"Peculiarly distinguished among the advance guard, where all were distinguished, must be recorded . . . Private J. W. Brown, of Company F, First Georgia Regiment, who, upon hearing the order to fall back, exclaimed, 'I will give them one more shot before I leave,' and while ramming down his twenty-ninth cartridge fell dead at his post." - General Henry R. Jackson in his report of the Battle of Greenbrier River.

Thursday, November 24, 2011

Camp Diversions

Let me take this opportunity to wish one and all a very Happy Thanksgiving!
150 years ago, high in the Allegheny Mountains, life was relatively quiet.  As winter settled in over the mountains, skirmishes between the enemy armies dwindled.  Soldier's thoughts were turned more toward keeping warm as snow fell on the camps of the First Georgia.  Many hoped that they would be moved to winter quarters in warmer climes.  Meanwhile, the men did what they could to keep their shelters snug and to keep boredom at bay, as described in this article from the Augusta (GA) Chronicle & Sentinel of November 24, 1861: 

From a Member of the Walker Light Infantry.

We are permitted to take the following interesting extracts from a private letter of a member of the Walker Light Infantry. It shows that, even in that bleak country, camp life has its pleasant aspects.

CAMP BARTOW, Nov. 17th, 1861.

Dear Friend:--We are having a cold time now, the ground being covered with snow and ice. But few in our regiment have ever seen such cold weather; but the boys enjoy it and suffer no one to pass, not even the Colonel, without pelting the passer with snow balls. Colonel Clark and our Surgeon are enjoying themselves with this pleasant sport. Joe Taliaferro is sitting in the corner reading “Valentine Vox;” Capt. Crump and Fred. Stoy are talking over the adventures of the latter in the mountains; Russell is writing; Hood and Charley Doughty have gone on the Alleghanys to hunt provisions; Gibson, Deas, Bugg and Bowden are on picket guard; Larus has gone with a requisition for blankets and shoes, while the other members of the company are either keeping warm by the fire, or cooking their dinner.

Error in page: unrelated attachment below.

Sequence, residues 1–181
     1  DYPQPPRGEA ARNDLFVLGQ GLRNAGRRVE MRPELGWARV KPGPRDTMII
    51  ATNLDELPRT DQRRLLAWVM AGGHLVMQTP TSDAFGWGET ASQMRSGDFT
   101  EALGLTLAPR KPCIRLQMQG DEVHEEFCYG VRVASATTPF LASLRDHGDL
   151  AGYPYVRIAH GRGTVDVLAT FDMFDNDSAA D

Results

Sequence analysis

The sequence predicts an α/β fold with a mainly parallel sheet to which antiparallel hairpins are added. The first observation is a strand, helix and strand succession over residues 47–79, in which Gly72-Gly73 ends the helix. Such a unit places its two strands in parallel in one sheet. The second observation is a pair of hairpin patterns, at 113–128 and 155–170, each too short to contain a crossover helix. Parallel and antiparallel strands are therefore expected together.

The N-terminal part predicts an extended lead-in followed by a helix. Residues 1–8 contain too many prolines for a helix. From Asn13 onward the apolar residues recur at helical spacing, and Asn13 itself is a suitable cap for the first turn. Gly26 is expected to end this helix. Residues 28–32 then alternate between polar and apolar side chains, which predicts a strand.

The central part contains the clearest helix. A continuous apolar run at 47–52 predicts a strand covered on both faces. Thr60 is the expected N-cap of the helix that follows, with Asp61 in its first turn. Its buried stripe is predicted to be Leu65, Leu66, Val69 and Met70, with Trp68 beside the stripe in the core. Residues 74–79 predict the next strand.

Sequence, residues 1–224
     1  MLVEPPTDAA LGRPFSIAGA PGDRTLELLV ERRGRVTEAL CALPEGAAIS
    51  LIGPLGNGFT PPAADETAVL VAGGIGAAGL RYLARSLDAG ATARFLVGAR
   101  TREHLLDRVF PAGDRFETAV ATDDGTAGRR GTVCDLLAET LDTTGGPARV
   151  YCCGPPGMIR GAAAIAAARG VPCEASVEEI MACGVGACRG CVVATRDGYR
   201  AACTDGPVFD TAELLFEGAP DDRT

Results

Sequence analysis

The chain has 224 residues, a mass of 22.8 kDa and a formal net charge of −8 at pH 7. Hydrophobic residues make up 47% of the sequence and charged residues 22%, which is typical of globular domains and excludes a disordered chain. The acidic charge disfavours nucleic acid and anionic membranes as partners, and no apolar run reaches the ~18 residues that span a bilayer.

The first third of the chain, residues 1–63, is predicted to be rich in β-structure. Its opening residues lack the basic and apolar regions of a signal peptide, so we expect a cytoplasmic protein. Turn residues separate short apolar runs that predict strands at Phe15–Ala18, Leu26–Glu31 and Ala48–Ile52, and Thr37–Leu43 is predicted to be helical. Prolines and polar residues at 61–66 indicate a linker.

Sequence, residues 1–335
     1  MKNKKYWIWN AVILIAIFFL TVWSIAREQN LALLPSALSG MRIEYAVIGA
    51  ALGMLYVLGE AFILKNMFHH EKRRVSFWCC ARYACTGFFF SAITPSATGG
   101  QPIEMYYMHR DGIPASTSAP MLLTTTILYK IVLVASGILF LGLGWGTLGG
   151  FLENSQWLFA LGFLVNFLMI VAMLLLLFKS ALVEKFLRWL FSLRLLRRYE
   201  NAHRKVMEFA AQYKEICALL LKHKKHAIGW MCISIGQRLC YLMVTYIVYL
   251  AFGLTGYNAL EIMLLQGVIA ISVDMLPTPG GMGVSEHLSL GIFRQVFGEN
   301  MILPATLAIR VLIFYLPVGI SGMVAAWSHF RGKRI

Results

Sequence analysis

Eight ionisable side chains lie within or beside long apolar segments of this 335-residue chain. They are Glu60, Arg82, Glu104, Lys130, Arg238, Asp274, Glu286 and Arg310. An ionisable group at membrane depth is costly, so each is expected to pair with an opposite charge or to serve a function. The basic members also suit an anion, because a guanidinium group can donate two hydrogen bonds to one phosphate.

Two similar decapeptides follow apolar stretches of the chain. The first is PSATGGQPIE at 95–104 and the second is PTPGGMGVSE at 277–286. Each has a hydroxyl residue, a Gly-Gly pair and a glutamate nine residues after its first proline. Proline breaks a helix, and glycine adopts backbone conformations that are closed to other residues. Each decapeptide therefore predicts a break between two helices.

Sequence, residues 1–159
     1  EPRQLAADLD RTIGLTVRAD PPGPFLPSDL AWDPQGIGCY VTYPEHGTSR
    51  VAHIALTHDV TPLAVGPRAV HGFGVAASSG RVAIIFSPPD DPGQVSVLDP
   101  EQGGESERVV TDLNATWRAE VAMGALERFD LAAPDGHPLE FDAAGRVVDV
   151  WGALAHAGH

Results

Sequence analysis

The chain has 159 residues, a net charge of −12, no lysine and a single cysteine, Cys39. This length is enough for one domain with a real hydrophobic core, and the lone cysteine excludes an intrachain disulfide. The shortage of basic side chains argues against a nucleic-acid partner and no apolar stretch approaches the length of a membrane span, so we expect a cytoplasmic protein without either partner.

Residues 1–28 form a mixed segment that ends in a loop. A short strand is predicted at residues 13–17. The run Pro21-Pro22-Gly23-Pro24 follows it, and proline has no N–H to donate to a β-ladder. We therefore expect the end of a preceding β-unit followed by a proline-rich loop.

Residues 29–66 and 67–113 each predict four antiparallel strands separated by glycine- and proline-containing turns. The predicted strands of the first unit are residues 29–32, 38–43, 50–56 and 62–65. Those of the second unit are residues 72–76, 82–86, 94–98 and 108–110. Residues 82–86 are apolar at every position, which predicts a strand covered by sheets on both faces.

The men enjoy good health, but I fear that many will suffer much with cold if we are not ordered soon to go into winter quarters. I do not think that any but insane man can approve prosecuting an active campaign in North Western Virginia this winter.

In our tent we are quite comfortable, having a fire-place. It is made by digging a trench which is covered with rock, one end being in the tent, in which we build a fire, a barrel with both heads knocked out is our chimney: but even with the fire my hands are so cold I can hardly write.

Monday.—I was interrupted in writing by Col. Clark bringing up the Regiment, armed with snowballs to take our battery. After a desperate fight, they succeeded.

Yesterday Henry J. Sibley arrived with blankets, &c. He gave to our company each man a blanket, undershirt and pair of socks. He also gave articles to the Oglethorpe Infantry and other companies.